In this era of downloads and internet shopping, more and more people are deprived of the joy of browsing through racks of cds, looking for bargains, surprises, or just that special recording.
Grove Music, downstairs at The Grove Bookshop, offers a wide range of classical new releases, jazz on cd and vinyl, and a back catalogue of classic recordings in folk, jazz, classical and rock music. Rediscover the joy of browsing in our cosy basement shop.
Common Ground by Rob Cowen reviewed.
Wed 5th Aug 15
Ilkley-born Rob Cowen moved back to Yorkshire from London a few years ago, settling near Harrogate, and his exploration of the margins of town and country there form the basis of this book. Over the course of a year he examines the history, flora and fauna of a very small patch of land, combining this study with an account of his own eventful life and culminating in the birth of his son, Thomas. As if this weren’t enough, he accompanies each chapter with one of his own linocut illustrations, completing a very personal response to his local environment.
Many writers have produced lyrical laments for the idylls of Britain’s countryside, which usually means descriptions of the South of England, but there is also a growing number who prefer to focus on the edgelands, the boundaries between town and country, where man and nature live side by side ; whereas the countryside in general surrounds and overshadows its human occupants, these are the places where the majority of people live, and the natural world is often overlooked. It thrives nonetheless, and Rob Cowen makes every effort to observe and record it, finding delight not only where nature runs riot but also celebrating our less obvious interaction with nature.
The book is full of rich description; soil is as thick and dark as chocolate cake, snow lies “linen-white” on the ground, and his “oak tree choirs” bring Shakespeare to mind. The principal characters in the book are animals, foxes and hares, badgers and owls, even ants, but perhaps the most fascinating sections concern that unlikely human interaction with the natural world. A tramp sits in Caffe Nero, enjoying the coffee but despising the ersatz nature of everything else there, while a group of lager-swilling twenty-somethings frolic by the water, lulled into joyful relaxation by their semi-rural surroundings.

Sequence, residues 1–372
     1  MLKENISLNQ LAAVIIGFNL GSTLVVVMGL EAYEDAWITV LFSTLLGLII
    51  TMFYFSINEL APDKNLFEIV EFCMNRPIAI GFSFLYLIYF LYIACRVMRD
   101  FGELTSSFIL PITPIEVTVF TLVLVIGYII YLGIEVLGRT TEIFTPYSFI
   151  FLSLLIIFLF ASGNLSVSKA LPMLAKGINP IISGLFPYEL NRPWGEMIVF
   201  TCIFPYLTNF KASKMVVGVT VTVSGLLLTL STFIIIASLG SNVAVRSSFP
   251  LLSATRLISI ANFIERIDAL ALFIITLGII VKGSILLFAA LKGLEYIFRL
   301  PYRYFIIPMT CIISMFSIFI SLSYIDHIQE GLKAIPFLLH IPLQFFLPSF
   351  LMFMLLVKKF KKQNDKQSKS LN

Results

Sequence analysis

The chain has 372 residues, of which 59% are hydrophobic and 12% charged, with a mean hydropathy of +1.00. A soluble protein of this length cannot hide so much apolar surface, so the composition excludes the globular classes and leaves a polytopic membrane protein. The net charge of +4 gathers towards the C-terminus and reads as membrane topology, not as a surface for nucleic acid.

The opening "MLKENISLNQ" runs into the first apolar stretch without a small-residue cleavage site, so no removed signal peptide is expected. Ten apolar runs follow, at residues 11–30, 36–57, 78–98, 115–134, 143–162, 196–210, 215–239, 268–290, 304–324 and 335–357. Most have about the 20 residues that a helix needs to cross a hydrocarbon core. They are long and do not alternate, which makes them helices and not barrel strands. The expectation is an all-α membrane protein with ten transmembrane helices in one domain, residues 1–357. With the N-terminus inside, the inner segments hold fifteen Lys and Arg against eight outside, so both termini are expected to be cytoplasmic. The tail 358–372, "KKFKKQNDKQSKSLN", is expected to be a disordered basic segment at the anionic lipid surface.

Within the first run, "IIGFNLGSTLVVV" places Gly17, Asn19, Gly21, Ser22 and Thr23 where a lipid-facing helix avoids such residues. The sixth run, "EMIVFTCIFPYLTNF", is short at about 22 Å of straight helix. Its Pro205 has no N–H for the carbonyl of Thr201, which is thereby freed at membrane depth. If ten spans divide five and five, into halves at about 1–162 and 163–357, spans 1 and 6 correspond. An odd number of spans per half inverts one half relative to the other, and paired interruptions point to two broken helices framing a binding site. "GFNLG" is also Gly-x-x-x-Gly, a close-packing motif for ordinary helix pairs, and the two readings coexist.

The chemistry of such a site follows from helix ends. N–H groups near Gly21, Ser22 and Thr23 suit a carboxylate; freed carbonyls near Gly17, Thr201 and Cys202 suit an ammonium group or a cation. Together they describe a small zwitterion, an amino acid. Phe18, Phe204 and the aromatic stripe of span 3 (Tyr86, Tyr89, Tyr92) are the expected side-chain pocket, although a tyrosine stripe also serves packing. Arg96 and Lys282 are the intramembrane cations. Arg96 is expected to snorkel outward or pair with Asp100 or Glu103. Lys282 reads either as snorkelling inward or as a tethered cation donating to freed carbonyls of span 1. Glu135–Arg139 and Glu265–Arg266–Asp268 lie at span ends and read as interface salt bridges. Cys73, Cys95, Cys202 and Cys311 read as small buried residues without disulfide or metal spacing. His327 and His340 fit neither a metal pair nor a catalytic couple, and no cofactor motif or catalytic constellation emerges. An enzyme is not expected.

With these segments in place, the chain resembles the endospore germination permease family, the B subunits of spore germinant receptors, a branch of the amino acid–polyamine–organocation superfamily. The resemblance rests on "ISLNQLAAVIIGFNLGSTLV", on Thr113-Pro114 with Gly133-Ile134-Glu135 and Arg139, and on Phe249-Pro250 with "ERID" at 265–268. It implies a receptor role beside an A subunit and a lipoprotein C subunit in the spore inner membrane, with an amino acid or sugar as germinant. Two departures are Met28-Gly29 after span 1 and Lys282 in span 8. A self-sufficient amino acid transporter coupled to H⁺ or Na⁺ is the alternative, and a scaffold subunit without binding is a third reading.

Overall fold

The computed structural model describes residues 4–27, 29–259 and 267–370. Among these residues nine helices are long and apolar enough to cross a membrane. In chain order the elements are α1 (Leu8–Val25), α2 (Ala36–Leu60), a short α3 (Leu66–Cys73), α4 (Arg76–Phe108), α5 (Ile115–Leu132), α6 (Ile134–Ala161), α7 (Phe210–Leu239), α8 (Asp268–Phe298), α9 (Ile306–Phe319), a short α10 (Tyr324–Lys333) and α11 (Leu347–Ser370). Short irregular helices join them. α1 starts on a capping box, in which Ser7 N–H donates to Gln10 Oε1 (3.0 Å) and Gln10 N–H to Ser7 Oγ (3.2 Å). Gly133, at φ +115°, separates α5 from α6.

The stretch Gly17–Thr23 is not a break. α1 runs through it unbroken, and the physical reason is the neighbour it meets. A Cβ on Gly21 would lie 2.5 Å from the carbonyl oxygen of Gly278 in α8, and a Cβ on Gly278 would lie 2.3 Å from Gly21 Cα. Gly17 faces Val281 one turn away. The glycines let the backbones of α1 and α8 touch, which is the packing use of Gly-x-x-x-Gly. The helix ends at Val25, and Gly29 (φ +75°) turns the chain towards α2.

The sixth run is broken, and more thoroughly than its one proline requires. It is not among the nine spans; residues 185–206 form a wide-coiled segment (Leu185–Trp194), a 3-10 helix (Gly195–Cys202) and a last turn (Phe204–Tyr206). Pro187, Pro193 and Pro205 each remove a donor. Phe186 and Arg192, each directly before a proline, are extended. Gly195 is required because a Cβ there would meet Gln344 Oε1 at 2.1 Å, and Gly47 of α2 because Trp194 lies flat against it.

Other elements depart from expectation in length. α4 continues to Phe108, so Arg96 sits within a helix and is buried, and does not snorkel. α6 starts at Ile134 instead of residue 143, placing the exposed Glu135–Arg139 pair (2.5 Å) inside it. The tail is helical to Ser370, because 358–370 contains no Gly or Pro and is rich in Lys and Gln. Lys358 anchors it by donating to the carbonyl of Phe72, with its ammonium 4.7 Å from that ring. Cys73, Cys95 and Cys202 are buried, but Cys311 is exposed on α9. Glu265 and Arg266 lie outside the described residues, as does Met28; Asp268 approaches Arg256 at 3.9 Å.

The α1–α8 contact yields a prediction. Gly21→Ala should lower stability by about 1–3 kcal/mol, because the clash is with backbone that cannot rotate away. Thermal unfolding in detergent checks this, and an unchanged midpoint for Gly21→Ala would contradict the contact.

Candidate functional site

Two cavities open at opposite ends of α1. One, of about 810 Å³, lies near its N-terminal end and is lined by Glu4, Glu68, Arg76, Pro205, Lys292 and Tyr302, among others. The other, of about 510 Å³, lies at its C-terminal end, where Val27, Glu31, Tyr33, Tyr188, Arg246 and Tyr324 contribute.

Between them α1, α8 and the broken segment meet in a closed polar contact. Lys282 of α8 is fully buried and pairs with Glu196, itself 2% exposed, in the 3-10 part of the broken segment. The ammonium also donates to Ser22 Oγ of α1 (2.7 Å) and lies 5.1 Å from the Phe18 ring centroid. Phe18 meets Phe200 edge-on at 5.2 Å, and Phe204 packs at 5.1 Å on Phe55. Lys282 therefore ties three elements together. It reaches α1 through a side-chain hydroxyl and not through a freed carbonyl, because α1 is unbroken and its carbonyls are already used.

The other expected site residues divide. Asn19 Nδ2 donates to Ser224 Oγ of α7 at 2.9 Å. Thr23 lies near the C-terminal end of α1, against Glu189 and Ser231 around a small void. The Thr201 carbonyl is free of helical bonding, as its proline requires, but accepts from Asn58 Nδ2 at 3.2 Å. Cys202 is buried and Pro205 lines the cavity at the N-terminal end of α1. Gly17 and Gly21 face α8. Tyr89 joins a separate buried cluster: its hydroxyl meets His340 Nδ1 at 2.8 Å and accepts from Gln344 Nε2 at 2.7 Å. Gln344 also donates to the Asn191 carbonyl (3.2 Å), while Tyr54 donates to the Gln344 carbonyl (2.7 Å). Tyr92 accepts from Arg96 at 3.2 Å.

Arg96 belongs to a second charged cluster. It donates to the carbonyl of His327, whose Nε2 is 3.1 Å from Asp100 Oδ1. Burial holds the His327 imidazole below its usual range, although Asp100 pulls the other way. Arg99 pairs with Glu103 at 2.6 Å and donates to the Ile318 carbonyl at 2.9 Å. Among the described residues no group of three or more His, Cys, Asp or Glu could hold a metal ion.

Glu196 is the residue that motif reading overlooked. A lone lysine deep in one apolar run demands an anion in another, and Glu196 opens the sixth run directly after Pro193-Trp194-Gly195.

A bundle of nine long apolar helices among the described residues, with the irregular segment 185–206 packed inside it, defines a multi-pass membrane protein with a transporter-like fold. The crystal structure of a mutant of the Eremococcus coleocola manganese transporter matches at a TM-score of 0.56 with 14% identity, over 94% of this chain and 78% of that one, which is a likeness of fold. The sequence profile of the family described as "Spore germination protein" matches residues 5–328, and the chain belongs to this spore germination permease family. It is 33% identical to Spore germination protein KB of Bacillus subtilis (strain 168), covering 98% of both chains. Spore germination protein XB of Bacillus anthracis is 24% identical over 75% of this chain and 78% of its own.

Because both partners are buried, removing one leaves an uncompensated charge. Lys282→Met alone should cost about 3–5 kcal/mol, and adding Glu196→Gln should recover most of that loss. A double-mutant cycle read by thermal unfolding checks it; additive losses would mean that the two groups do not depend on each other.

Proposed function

There is history too, from the inescapable legacy of Victorian railway-building to the change in landscape seen by men returning from the trenches. Those same Victorians, apparently, were so fond of celebrating Easter with lapwing eggs that by the early part of this century the bird was approaching extinction. Cowen re-creates worlds in microcosm, providing us on occasion with what amounts to a time machine; one journey back to 1979 sees “mullet-haired plasterers with their noisy transistors,” recreating in a few quick brushstrokes the sights and sounds of an earlier era.
The chapter entitled “The Turning Time” contains one of the best opening lines I’ve ever read (“It was just after dawn when I broke into Bachelor Gardens Sewage Works”) and fans of Reginald Perrin will raise a smile on reading about the so-called “Poets’ Estate” where Tennyson Avenue abuts Coleridge Drive. This is so much more than “nature writing,” as Rob Cowen brings to life the many and varied ways in which man and nature dance around each other in these borderlands, but it is, beyond everything, a human tale in which the fragility of local ecosystems is ultimately as nothing when set beside the fear and love elicited from the author by his newborn son. The book is full of battles for life as animals, birds and insects struggle to survive in changing surroundings; who knows whether the arrival of Thomas will curtail Cowen’s investigative wandering, or merely provide him with a partner in crime?